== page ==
Stock prices rose fractionally today as rates rallied. The S&P 500 and the Dow Jones each rose less than 0.1% to 2,439 and 21,409 respectively. Economic data today showed that durable goods orders fell 1.1% last month compared to estimates which called for just a 0.6% decline. This continues the recurring pattern of poor economic data that is missing expectations, which hurts the chances that the Fed will continue to hike rates as hawkishly as expected. In Europe shares benefitted from an EUR 17bn bailout of Italian banks on behalf of the Italian government. The 2 year Treasury yield fell 2bp to 1.33%. The 10 year Treasury yield was unchanged at 2.14%. Accordingly 2yr vs 10yr bull steepened to 0.81%. USD rose 0.1% against EUR to $1.1180. USD rose 0.5% against JPY to Y111.85. Oil prices rose today after a heavy selloff last week. Brent crude oil rose 0.6% to $45.83 while WTI finished up at $43.43.
The bank rescue in Italy is raising some questions on the relationship between the government and private sector. Veneto Banca and Banca Popolare di Vicenza are being liquidated instead of going through Europe’s normal resolution process. The big winner in this deal is Italian bank Intesa. Intesa will assume ownership of the good assets of the two failing banks along with an EUR 4.8bn cash subsidy. That subsidy will go towards making sure the capital ratio is unchanged by the acquisition as well as other costs associated with the process. Intesa also received billions of dollars in guarantees that will go towards backing potential legal and other risks. The reason these bankruptcies didn’t go through the normal resolution process was because it was deemed the failure wouldn’t be a threat to financial stability. However many analysts and industry participants thought that going through the resolution process itself would have posed a risk to financial stability since losses on senior bondholders would have been imposed, which could have sparked a broader selloff. Rules state that in order for a bank to go through the resolution process losses have to be imposed on 8% of liabilities, which in the case of the failing banks would have meant some senior bondholders. Now investors can use that threshold and precedent set here to better estimate how other bank failures in Italy might go.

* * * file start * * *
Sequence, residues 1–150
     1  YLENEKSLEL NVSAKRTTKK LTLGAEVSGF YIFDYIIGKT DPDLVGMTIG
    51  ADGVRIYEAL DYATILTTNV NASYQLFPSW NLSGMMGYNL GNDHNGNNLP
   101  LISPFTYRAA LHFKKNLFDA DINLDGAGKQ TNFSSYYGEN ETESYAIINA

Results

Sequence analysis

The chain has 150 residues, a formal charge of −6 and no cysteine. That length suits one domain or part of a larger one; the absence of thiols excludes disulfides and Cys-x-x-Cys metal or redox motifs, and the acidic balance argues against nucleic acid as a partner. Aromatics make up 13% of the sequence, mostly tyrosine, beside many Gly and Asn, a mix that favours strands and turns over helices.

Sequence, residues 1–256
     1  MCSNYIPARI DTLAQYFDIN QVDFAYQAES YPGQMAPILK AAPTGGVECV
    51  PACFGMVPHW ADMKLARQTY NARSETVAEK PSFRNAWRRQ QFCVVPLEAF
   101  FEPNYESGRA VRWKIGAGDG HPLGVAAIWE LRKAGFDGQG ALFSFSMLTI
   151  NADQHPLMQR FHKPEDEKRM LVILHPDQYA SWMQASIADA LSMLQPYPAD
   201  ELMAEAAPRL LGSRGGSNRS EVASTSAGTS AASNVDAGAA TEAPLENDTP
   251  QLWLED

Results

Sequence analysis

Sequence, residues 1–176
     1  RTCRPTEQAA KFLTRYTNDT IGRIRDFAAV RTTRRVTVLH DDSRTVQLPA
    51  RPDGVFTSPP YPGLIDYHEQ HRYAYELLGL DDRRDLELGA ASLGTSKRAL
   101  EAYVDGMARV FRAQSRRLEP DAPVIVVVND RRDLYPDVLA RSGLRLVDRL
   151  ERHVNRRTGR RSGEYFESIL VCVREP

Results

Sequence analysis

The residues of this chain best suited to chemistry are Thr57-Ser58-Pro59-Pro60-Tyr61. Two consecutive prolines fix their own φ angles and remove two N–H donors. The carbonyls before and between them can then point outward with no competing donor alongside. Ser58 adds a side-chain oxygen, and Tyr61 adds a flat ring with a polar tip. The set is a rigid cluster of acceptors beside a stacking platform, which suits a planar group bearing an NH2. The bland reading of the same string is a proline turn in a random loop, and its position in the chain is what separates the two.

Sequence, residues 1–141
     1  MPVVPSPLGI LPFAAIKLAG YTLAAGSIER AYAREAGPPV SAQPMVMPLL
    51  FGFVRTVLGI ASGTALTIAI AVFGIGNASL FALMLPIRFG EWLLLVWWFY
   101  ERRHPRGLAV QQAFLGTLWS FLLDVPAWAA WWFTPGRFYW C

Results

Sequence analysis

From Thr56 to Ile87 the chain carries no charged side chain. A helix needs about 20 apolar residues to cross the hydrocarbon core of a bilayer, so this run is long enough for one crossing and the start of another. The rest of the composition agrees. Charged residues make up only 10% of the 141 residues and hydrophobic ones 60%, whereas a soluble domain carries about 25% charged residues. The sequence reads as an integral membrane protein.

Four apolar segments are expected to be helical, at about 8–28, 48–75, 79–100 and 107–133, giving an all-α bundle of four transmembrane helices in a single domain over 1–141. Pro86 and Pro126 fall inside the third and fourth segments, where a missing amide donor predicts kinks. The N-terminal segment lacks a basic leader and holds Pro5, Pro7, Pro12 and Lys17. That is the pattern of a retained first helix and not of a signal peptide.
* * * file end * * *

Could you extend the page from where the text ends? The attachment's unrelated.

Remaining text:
The bank stress testing process is set to get less stringent for banks. There are currently two portions of the annual stress tests. The quantitative element which determines whether a bank would be able to follow through with its proposed capital plans and withstand a severe economic downturn without having its capital dip below key levels. The qualitative portion of the tests have proved to be trickier for banks. Banks such as Citi, Deutsche Bank, and Santander have failed the qualitative element of the tests in recent years, which is embarrassing from an investor and public relations standpoint. Only one company since the financial crisis has missed the test for quantitative reasons. The fact that regulators also call out failing firms publicly seems a bit ironic. The whole point of stress tests is to ensure financial stability. If regulators publicly censure banks that miss stress tests, it could hypothetically create panic for that bank if the situation was bad enough. Going forward the tests might only probe the quantitative portion of the test, which would mean a lot more transparency and clarity for bank managers and investors as well. Stress testing is also set to ease for smaller banks, as there is a risk that those firms could overinvest and overspend to meet requirements.
Recent events in bond markets are suggesting that investor demand for debt from Chinese issuers may be getting close to full. As interest rates in China have risen this year and interest rates in the US have fallen, companies in China have issued an increasing amount of bonds denominated in dollars. Year to date Chinese issuers have already sold around $90bn in debt, which is close to the entire total for last year and already eclipses the 2015 year total. The largest Chinese property developer China Evergrande which carries a single B rating last week issued $6.6bn in bonds which is the largest ever high yield issuance from a Chinese company. The bonds carried a coupon of 8.75%, and they are already trading below face value which is abnormal so soon after issuance. That suggests that investors who were allocated bonds have been selling shortly after receiving them. That could be a sign of them receiving more bonds than they wanted. For this particular issuance the company increased the size significantly on the last minute, which could have resulted in investors receiving far more bonds than they wanted given that investors oftentimes bid for more bonds than they want since they rarely receive full allocations. There is also signs of investor concerns that Chinese issuers are simply issuing as much debt as markets can absorb in the current environment irrespective of need or credit conditions. That would be bearish for Chinese high yield corporate bonds.